The director of WandaVision is also artistic director of L.A.’s Geffen Playhouse, whose pandemic responses include a supremely creative—and moneymaking—virtual series.
First in a nine-part series, “The Arts of Innovation,” powered by Performances Magazine.
By Sherry Stern
As WandaVision was on its way to captivating Disney+ viewers around the world, the director and executive producer of the Marvel Comics-inspired show was discovering his own superpower: Matt Shakman could generate revenue for a theater during a total lockdown.
That marvel is Geffen Stayhouse, the virtual response to stay-at-home orders that has generated $2.5 million for the Geffen Playhouse in Los Angeles. Shakman is the theater’s artistic director as well as an in-demand TV director.
Like Wanda, Vision and many an Avenger, Shakman’s Stayhouse owes its success to teamwork. Here, fellow heroes offer a variety of powers: bending minds, weaving tales, constructing puzzles, cooking popcorn masala, wrangling Zoom and running a shipping service from a lobby.
“I’m impressed with my colleagues at the theater, with audiences and with our Geffen artists to be able to be creative in this moment,” Shakman says. “It’s so impressive. I also think it is necessary, that creative spirit. That desire for humans to connect is what makes us human.”
Geffen Stayhouse launched in March 2020 as a weekly series of video shorts. Then illusionist Helder Guimarães proposed producing one-on-one magic experiences. His idea was to mail someone a box of magical objects and use those items to give the recipient a personal show over the internet.
“Could we scale this up?” Shakman asked.
That idea quickly became The Present, performed via Zoom to audiences of no more than 25. Guimarães blended illusions with an emotional tale of his own quarantine as a young boy. The combination of people sitting at home seeking a connection and the ensuing word-of-mouth created a sensation. The Present was extended again and again until its finale had been seen by an audience of 6,000.
“Helder showed us the way with interactivity but also with authenticity,” Shakman says.
Five shows have followed, with tickets running from $40 to $175 a household. All interactive, the lineup includes the cooking memoir Bollywood Kitchen, true-crime mystery Citizen Detective and Guimarães’ follow-up, The Future, which continues through April 4. Two more plays are in development.
For the puzzle show Inside the Box, it made sense for the Geffen to turn to David Kwong, a magician and crossword puzzle constructor. His brainteasing one-man show The Enigmatist was to open on stage at the Geffen last May and will be one of the theater’s 2021 shows when curtains rise again.
For a solver guy, the 5-by-5 grid of 25 faces on Zoom was a framework just screaming for Kwong, and his production team, to turn into a living puzzle.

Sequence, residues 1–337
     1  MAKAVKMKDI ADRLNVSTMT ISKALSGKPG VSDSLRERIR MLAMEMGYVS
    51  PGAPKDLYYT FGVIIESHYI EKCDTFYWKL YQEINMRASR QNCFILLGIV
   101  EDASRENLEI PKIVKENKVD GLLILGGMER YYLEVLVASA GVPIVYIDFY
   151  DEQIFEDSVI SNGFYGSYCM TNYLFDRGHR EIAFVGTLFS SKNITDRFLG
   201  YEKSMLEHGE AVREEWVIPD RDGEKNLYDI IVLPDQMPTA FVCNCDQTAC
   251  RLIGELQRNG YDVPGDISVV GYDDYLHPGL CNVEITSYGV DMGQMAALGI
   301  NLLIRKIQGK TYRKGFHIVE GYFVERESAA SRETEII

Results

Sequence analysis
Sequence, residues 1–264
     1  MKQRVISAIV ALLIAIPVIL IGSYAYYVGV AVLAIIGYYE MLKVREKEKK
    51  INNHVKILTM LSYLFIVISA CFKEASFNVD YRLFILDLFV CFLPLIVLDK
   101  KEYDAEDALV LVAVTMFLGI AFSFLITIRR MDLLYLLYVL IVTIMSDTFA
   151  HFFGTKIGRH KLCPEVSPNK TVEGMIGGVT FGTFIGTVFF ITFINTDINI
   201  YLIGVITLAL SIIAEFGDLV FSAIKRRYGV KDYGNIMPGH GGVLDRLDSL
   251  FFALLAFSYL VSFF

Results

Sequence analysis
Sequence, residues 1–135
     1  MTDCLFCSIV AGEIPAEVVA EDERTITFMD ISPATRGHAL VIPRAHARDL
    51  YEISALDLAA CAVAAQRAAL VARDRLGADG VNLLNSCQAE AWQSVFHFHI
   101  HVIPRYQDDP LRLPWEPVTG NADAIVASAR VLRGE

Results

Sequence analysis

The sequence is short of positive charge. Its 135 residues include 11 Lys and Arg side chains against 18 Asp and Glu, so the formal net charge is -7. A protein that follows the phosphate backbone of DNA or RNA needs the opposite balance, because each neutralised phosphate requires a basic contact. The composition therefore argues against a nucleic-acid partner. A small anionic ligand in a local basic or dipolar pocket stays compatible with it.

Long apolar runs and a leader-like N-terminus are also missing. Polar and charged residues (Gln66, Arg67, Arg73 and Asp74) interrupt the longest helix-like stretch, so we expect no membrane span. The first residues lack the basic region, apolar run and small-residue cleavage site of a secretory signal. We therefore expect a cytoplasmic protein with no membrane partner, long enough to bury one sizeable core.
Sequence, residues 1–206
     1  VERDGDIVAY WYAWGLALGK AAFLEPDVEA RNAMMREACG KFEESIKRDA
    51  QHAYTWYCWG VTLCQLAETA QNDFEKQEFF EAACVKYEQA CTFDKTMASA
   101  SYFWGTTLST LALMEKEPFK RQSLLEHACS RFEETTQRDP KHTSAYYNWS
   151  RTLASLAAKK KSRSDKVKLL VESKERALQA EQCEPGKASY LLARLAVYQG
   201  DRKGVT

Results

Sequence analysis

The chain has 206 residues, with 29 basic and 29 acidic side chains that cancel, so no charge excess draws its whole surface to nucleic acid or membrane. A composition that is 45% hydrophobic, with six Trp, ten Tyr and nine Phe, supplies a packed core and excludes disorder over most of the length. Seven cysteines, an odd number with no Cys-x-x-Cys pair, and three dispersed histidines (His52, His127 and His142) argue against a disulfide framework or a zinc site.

“We’re taking advantage of these boxes that the audience is in to play a game together,” he says. “That’s the spirit of the show.”
Audiences have responded to Stayhouse not just in numbers but also in geography. Ticket holders have joined from every state and from 44 countries; 88% have never seen a show in person at the Geffen Playhouse.
Kwong marveled at performing to people in Spain, South Korea, Australia and Singapore. Bill and Hillary Clinton watched one of his performances.
“It was an honor to have President Clinton at my show, because he is famously a celebrity crosswords solver,” Kwong says. “He does The New York Times crossword every day!
“It’s been incredibly gratifying to connect with people. That’s really what the show is about.”
What also sets Geffen Playhouse apart is that each ticket holder receives materials needed to engage with the performer. Some items are emailed; some arrive in uniquely designed packages shipped before each performance.
“It feels like a wartime effort in a way. We’re all banding together to make boxes and send them out,” Shakman says. “Production manager Isaac Katzanek is essentially running a Mail Boxes Etc. out of the lobby of the Geffen.”
Doing eight shows a week with the vagaries of unstable internet for the 25 to 150 audience members means it’s not always smooth sailing. Zoom, for its part, has worked with the theater to iron out glitches. Shakman appreciates how the artists embrace the technology.
“The writers of the show are writing to the technology, so the technology is informing how the narrative develops,” Shakman says. “It’s figuring out a new frontier. It’s the Wild West out there, and really exciting.”
Though, naturally, pleased with the Stayhouse’s financial success, Shakman says it’s no substitute for business as usual.
“A lot of our shows are 25 folks on Zoom as opposed to 500 people in a theater,” he says. “It’s not a one-to-one replacement, but it has been very helpful.”
Shakman welcomes some of the changes. The Playhouse is producing shows at a quicker pace than during normal times, when it can take years for a play to go from development to performance.
“That’s unusual for theater, because theater plans so far ahead,” he says. “The pandemic has forced us to change that, and I think for the good.”
Photo credits from top: Jeff Lorch; Catarina Marques; courtesy Geffen Playhouse (2)